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TomTom Admits Satnav Device Infected With Virus 101

Posted by kdawson
from the connect-at-your-own-risk dept.
miserableles writes "TomTom has admitted to a UK security journalist that a number of GO 910 satellite navigation units shipped with two Trojans installed on the hard drive. But still no sign of an official warning on the TomTom website."
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TomTom Admits Satnav Device Infected With Virus

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  • by Anonymous Coward on Sunday January 28, 2007 @03:29PM (#17791760)
    my GPS keeps leading me to a discount Viagra/Rolex Watch warehouse/stock broker!
  • your computer. So essentially this is a dead virus.
    • Re: (Score:2, Insightful)

      by Anonymous Coward
      Youre missing the point. These are brand new infected devices out of the box. And as for the viral nature, newer GPS devices now have bluetooth and GSM connectivity installed.
    • Re: (Score:2, Informative)

      by Excelcia (906188)
      If the trojan is active, it can make the device vulnerable to control in a way it's not designed to. The device is bluetooth capable, so this introduces at least the possibility of remote attacks. If they are simply present but not active, then yes, this is mostly harmless.
    • by speculatrix (678524) on Sunday January 28, 2007 @04:03PM (#17791970)
      tomtom devices act as usb mass storage devices so you can copy s/w, map updates and speed camera POIs to them; thus the device won't actively infect, but can be a vector for infected files.
      • by mrmeval (662166)
        So I can't make the _insert evil person here_ drive _off the pier_, _into the train_, _through a political rally_?

        Even so it's not TomTom but DumDum.
      • Umm, so do they keep a track log of where you have been? Could these trojans be backdoors for downloading those logs? I would like to write this off as paranoid, but that does seem a likely next step for Big Brother.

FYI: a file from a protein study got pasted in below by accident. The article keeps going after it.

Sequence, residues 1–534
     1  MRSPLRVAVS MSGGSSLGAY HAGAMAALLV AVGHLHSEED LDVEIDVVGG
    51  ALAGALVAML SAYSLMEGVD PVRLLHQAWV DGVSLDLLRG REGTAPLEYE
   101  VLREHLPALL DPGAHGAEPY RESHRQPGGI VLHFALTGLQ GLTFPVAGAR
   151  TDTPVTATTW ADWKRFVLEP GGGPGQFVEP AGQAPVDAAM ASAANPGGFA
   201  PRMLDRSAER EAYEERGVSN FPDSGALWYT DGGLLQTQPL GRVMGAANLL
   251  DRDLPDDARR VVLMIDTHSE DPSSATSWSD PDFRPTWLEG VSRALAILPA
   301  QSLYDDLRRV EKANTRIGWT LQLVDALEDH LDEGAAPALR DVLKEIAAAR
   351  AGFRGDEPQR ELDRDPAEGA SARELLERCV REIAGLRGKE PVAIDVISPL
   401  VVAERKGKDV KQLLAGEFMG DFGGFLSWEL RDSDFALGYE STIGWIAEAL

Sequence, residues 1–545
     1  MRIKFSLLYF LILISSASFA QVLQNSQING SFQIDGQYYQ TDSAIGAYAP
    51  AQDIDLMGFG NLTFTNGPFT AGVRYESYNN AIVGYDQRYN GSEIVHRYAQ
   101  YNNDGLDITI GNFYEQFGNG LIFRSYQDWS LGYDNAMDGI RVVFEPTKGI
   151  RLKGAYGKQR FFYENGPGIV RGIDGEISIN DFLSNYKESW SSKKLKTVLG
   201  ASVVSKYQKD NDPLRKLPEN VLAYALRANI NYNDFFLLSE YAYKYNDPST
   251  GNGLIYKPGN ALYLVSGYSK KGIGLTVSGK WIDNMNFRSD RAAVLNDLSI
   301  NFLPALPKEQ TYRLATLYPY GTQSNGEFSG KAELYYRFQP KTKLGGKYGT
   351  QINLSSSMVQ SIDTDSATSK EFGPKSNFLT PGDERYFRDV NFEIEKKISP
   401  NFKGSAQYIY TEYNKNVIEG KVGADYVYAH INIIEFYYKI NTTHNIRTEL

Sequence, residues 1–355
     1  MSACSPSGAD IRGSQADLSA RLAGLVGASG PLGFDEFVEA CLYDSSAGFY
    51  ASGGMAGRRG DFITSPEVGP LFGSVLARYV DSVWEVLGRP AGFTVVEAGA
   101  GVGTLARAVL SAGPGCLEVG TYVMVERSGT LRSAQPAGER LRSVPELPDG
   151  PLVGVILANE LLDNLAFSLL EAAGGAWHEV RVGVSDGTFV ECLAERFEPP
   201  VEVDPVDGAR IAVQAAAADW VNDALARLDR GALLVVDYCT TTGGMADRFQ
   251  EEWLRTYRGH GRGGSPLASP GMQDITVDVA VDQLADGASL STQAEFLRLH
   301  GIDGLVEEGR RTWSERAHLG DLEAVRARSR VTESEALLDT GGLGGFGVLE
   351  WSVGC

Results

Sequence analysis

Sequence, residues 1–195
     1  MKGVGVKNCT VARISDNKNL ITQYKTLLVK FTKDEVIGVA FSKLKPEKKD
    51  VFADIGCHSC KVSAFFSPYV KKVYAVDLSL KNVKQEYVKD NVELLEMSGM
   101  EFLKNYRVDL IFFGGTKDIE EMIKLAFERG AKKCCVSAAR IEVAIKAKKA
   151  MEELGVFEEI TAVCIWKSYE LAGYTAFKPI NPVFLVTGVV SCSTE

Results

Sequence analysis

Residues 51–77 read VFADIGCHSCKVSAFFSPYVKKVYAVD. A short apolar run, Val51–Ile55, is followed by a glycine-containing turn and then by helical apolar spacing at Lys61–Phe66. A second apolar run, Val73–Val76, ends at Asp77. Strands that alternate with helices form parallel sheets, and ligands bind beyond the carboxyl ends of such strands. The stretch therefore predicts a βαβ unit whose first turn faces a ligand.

• do they keep a track log?

          there's no feature (or isn't in tomtom 5 which is what I have), but you can add it - look at www.opentom.org for the third party app from amacri.

          garmin handhelds do have a breadcrumb trail feature built in, and can even convert it to a route for you
        • by Yer Mom (78107)

          Yes, they do keep a log — the TomTom Home software asks permission to upload anonymised logs when you connect it for the first time (with the latest software on the satnav). The idea is that it will allow them to spot areas where people are using local knowledge to take a faster route (such as avoiding streets often blocked by bad parking)

          Just how anonymised it actually is, of course, I don't know. Nor do I know if the software tries to send the data even if you say "no". But the trojans are probably

  • by Excelcia (906188) <kfitzner@excelcia.ca> on Sunday January 28, 2007 @03:31PM (#17791776) Homepage Journal
    Of course no warnings. Warnings only come out after the lawyers are consulted. One must, after all, get one's priorities straight.
    • Of course the lawyers get consulted first. The litigious society in which we live dictates it. People at zoos who climb over fences, moats, pits and fire traps past multiple signs that say "Do not go beyond this sign or you will be eaten" successfully sue the zoo when the lion bites their hand off.

      One misstep in any direction by a company can result in being sued out of business so the lawyers are consulted first. That makes the company evil. People will sue over any perceived injury. That makes people e
      • by Excelcia (906188)
        People are also apt to sue if they buy a product and find out that the manufacturer knew of some issue, like a virus, and sat on that info. In fact, I think I'd be more apt to sue in that instance than if they did notify people.

        For any corporation, the first question the execs have for their lawyer when they discover a flaw in their product is "if we don't warn the public, will our lawsuit damages exceed the loss of sales if we do warn the public". The problem is, they ask this question whether it is an